About 32 kilometers northeast of Nuremberg, in Hersbrucker Schweiz, lies the community of Vorra. From here you can make beautiful discovery tours in the Nuremberg countryside.
The station of Vorra is only a few steps away from the Pegnitztal. The Pegnitztal cycle path runs along here, inviting you to take a relaxing bike ride along the river. Water sports enthusiasts can explore the Pegnitz by canoe.
In Vorra, the Pegnitz leads around a small island. This is a popular meeting place and a beer garden directly at the small bridge tempts many a cyclist and canoeist to take a break.
St. Mary’s Church in Vorra
Before heading out into the beautiful nature around Vorra, we made a brief stop at the village’s Lutheran Church of St. Mary.
Written records of the construction of the church have not yet been found. Due to the structural conditions, however, it is assumed that master builders from the Bamberg cathedral building lodge were involved in the construction of the church around 1200.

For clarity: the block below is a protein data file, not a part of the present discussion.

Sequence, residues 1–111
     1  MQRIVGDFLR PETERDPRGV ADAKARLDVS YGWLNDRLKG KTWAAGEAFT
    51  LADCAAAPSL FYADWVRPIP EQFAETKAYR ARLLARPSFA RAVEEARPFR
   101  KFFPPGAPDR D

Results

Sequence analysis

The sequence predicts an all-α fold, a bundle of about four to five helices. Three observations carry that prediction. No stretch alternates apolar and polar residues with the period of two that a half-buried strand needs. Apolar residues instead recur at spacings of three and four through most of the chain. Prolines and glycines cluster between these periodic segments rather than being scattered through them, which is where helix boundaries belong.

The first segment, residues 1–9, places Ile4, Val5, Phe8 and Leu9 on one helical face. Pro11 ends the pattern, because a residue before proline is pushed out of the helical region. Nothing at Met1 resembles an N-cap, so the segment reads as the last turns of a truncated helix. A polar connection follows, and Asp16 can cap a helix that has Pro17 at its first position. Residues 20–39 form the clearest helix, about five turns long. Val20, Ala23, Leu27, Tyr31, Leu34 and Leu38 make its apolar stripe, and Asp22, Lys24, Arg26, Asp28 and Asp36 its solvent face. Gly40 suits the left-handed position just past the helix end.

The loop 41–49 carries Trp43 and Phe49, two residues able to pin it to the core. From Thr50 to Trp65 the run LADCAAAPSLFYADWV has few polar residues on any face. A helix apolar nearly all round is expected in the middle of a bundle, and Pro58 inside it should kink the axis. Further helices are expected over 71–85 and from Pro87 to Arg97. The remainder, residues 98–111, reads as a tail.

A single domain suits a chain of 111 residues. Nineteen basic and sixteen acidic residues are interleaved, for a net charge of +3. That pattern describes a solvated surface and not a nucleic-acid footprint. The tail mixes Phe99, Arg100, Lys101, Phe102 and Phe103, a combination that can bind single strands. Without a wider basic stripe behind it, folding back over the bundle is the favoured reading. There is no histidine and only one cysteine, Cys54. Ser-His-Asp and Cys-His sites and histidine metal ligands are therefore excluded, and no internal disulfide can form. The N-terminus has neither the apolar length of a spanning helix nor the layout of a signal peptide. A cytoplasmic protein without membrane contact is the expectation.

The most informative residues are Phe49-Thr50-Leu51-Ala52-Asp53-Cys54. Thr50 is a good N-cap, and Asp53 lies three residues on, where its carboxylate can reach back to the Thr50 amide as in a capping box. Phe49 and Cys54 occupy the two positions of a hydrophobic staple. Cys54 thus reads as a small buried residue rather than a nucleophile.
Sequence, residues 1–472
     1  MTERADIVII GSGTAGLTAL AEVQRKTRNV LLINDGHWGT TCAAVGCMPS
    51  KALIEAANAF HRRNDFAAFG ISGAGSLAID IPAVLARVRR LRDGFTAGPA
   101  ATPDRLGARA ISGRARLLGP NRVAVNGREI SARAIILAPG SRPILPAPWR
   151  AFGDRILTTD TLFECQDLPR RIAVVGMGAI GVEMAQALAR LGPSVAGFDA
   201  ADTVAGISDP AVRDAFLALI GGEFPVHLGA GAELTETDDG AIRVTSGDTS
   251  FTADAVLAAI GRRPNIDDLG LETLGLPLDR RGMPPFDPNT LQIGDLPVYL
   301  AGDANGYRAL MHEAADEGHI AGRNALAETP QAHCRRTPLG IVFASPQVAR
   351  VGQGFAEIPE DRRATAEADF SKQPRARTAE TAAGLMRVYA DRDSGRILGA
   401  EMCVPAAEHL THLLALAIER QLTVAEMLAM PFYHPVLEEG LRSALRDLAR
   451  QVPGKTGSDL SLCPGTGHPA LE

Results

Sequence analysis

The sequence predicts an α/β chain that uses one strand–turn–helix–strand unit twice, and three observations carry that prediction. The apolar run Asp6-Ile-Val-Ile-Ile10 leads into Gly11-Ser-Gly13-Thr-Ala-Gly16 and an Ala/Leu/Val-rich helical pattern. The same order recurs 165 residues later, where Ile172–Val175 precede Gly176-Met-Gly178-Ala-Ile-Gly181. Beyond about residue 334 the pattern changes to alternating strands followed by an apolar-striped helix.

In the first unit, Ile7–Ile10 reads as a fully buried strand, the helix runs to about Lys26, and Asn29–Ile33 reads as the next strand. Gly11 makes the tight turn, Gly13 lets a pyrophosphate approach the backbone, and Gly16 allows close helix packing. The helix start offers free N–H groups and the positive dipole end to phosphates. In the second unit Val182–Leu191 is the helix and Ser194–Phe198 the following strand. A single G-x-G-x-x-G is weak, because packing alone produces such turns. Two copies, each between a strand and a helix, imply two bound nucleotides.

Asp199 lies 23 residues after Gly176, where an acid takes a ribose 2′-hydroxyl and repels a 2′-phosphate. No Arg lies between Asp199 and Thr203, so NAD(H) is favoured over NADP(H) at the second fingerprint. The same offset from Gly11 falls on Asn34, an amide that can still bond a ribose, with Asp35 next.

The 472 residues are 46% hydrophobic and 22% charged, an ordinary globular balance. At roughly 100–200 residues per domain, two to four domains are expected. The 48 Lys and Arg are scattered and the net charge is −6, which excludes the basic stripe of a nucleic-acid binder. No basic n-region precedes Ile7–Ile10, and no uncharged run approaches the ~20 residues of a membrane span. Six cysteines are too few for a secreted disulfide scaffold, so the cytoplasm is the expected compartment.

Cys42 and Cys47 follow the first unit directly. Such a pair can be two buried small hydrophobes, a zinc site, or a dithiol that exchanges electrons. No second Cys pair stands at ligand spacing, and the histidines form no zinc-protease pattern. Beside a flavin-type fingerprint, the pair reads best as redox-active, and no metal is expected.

Over the years, some structural changes were made to the church. For example, at the end of the 16th century the tower was equipped with a clock, around 1738 the nave was extended and raised and the beautiful ceiling painting was created. The painting is by a painter from Hersbruck and shows the eye of God. This is surrounded by the lettering “Holy” and 14 angels. Depending on the direction of view, the eye appears to the viewer sometimes strict, admonishing and sometimes benevolent.
Unfortunately, some of the old frescoes in the church interior have fallen victim to moisture and a renovation that was not appropriate for a monument and can now only be admired in old photos.
During the last renovation in 2016/17, the liturgical furnishings were also renewed. An artist created a new baptismal font and a new pulpit.
A look at the altar shows, rather untypically for a Protestant church, a figure of Mary. The figures on either side of the altarpiece represent John the Baptist and St. Lawrence. The altarpiece dates from the 15th century.